Are you suffering from fatigue, unexplained weight loss, rectal bleeding or blood in the stool? Well, it could certainly be signs of something serious like Colon Cancer. Colon cancer is caused when tumor like polyps growth and develop in the large intestine. It usually starts with polyps in the wall of the intestine and symptoms may not appear until a later stage, but if they do, gastrointestinal problems are the common ones. It may sometimes also be referred to as colorectal cancer. It is preventable and highly curable if detected in early stages.
Symptoms and signs
There are often no symptoms in the earliest stages, but symptoms may develop as the cancer advances.
- Diarrhoea or constipation
- Change in stool consistency
- Loose and narrow stools
- Rectal bleeding or blood in the stool
- Abdominal pain, cramps, bloating, or gas
- Pain during bowel movements
- Continual urges to defecate
- Weakness and fatigue
- Unexplained weight loss
- Irritable bowel syndrome (IBS)
- iron deficiency (anemia)
Risk factors for Colon Cancer
Following are the factors that may increase your risk of colon cancer:
- Older age. Colon cancer generally affects people older than 50 years of age. Incidences of colon cancer in people less than 50 years of age have been increasing, but doctors aren’t sure why.
- African-American race. Colon cancer is more prevalent among African American than people of other races.
- History of colorectal cancer or polyps. People who had colon cancer or noncancerous colon polyps, have a greater risk of developing colon cancer.
- Inflammatory intestinal conditions. Chronic inflammatory diseases like ulcerative colitis and Crohn’s disease, can increase your risk of colon cancer.
- Inherited syndromes that increase colon cancer risk. Colon cancers can sometimes be linked to inherited genes. Familial adenomatous polyposis (FAP) and Lynch syndrome, are known to be hereditary nonpolyposis colorectal cancer (HNPCC). You are more likely to develop colon cancer if you have a blood relative who has had the disease.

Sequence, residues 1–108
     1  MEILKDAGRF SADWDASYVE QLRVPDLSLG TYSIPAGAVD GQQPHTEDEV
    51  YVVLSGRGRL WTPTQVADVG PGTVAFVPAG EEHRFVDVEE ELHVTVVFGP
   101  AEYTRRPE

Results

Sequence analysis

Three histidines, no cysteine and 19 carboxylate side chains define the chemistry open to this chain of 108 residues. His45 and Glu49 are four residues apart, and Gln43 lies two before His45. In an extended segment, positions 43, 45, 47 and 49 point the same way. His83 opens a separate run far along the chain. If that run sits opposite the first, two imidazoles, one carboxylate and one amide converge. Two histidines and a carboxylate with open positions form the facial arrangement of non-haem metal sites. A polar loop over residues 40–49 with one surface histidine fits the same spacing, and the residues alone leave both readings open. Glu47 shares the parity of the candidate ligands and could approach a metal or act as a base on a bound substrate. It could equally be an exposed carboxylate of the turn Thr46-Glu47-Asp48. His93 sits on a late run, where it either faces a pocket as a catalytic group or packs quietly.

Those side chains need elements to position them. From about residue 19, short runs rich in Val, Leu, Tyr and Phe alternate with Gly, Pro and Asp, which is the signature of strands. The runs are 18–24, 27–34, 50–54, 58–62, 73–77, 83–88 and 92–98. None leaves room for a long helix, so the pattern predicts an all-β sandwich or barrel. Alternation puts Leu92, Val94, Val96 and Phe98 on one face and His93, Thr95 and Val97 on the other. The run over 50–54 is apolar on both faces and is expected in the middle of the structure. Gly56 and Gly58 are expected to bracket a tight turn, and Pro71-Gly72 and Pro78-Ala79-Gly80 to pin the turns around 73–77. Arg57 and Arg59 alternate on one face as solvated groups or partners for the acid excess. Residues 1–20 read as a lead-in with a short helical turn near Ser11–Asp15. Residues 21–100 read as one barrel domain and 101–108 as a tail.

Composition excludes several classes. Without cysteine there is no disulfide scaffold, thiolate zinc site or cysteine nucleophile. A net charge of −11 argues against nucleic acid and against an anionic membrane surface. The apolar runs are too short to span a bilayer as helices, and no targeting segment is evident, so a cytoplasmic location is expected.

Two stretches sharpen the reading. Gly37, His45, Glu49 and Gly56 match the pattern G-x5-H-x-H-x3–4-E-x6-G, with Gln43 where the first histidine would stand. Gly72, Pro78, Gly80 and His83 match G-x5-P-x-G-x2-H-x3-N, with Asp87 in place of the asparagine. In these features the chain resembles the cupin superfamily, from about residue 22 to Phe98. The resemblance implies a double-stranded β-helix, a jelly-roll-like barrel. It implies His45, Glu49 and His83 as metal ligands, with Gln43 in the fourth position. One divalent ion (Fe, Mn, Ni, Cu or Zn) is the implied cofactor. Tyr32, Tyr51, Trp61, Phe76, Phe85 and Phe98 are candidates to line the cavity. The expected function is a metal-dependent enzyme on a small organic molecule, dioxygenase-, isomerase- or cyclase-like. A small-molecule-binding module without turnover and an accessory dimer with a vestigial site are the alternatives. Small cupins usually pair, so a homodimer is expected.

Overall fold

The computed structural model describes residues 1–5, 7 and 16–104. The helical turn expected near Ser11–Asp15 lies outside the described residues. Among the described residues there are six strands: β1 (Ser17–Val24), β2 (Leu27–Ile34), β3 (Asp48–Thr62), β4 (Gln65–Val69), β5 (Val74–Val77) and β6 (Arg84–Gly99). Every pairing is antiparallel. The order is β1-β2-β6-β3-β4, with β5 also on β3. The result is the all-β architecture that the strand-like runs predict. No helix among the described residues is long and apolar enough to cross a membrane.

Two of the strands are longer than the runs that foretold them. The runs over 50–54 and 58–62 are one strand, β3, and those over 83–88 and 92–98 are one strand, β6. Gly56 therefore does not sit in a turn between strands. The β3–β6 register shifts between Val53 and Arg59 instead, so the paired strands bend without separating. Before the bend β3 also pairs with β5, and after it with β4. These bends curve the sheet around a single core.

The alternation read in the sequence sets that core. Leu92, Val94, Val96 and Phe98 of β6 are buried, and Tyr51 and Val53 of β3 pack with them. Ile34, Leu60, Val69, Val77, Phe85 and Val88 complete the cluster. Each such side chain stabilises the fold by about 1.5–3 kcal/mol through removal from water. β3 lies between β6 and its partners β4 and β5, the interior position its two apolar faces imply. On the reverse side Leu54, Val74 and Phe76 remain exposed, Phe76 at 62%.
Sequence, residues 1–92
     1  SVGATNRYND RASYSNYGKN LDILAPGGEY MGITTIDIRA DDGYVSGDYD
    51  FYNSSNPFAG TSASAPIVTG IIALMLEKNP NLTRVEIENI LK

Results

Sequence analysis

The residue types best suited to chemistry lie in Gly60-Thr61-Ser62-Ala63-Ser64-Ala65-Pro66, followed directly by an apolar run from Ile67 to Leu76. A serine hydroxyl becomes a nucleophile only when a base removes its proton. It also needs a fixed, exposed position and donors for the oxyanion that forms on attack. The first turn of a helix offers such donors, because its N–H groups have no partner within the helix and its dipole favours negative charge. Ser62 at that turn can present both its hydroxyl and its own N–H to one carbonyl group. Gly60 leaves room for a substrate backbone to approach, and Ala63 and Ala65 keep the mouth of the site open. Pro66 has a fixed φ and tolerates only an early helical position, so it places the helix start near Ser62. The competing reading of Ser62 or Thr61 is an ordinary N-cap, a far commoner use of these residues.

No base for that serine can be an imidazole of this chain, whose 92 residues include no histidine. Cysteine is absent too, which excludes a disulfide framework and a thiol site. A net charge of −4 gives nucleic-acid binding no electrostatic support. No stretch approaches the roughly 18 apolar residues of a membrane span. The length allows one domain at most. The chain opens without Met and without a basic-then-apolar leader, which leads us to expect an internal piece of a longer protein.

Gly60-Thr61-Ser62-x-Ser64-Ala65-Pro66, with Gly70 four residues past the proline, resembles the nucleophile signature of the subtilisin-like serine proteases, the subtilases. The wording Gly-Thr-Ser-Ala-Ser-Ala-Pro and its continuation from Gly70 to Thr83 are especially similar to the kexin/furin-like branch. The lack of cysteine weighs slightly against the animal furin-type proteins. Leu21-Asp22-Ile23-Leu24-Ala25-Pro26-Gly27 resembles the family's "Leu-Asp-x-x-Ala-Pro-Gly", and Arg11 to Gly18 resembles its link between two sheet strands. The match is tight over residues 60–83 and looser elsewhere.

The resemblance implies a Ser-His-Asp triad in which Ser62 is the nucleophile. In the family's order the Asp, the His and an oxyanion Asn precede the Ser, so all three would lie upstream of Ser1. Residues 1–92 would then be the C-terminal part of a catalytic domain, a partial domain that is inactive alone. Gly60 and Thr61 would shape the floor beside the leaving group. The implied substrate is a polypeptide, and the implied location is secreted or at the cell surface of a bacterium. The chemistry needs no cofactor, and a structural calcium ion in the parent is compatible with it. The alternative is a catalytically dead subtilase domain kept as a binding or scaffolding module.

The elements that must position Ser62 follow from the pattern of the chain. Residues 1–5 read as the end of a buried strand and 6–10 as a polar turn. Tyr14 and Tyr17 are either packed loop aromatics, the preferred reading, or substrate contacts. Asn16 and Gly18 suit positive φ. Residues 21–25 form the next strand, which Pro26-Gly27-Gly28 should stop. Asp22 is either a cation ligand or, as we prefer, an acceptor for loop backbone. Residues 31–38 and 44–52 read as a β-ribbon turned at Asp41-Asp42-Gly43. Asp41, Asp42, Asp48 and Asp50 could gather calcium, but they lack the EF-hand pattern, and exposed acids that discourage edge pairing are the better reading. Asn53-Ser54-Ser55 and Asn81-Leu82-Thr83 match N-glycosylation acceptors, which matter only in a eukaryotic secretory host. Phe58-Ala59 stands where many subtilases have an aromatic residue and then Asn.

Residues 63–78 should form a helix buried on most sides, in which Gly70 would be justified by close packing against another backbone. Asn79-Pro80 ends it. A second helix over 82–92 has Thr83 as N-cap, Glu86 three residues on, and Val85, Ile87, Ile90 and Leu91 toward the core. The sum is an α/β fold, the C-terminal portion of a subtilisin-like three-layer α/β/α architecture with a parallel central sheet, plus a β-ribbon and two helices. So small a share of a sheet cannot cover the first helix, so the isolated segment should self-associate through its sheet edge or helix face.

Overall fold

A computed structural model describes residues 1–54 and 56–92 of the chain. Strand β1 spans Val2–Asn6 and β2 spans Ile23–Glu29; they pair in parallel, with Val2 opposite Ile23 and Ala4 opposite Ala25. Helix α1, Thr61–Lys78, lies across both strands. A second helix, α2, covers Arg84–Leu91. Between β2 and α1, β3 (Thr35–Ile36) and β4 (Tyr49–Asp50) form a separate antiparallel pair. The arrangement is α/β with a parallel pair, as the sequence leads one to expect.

- Low-fiber, high-fat diet. Such Cancers are mostly associated with a typical Western diet, which is low in fiber and high in fat and calories. Studies also show people who eat red meat and processed meat have an increased risk of colon cancer.
- A sedentary lifestyle. Inactive people are more likely to develop colon cancer than who are active.
- Diabetes. People with diabetes have an increased risk of colon cancer.
- Obesity. Obesity also increases the risk of Colon Cancer.
- Smoking. Smoking may increase the risk of colon cancer.
- Alcohol. Consuming alcohol increases your risk of colon cancer.
- Radiation therapy for cancer. Radiation therapy to treat other cancers increases the risk of colon cancer.
Treatment of Colon Cancer will depend on the type, stage of the cancer, age, health status, and other factors.
Colon cancer can be treated in a number of ways. Surgery, chemotherapy, and radiation therapy are the most common ways of treatment here.
Prevention of Colon Cancer
Screening colon cancer
Screening for Colon Cancer should be done at around the age of 50 years. But those with a family history of colon cancer should consider screening sooner than later.
Lifestyle changes to be made to cut down your risk of colon cancer
By making these simple changes in your everyday life the risks of Colon Cancer can be reduced to a great level.
- Eat a variety of fruits, vegetables and whole grains. Fruits, vegetables and whole grains contain vitamins, minerals, fiber and antioxidants, which may help to reduce the risk of Colon Cancer.
- Drink alcohol in moderation, if at all. By limiting the quantity of drink to one drink a day for women and two for men the risk can be reduced.
- Stop smoking. Quitting smoking helps to reduce the risk of Colon Cancer
- Exercise most days of the week. 30 minutes of exercise after a chat with your doctor may also help to cut down the risks of such cancers.
- Maintain a healthy weight. Maintaining a healthy weight, having a proper meal can help one to live healthy and reduce the chances of Cancer.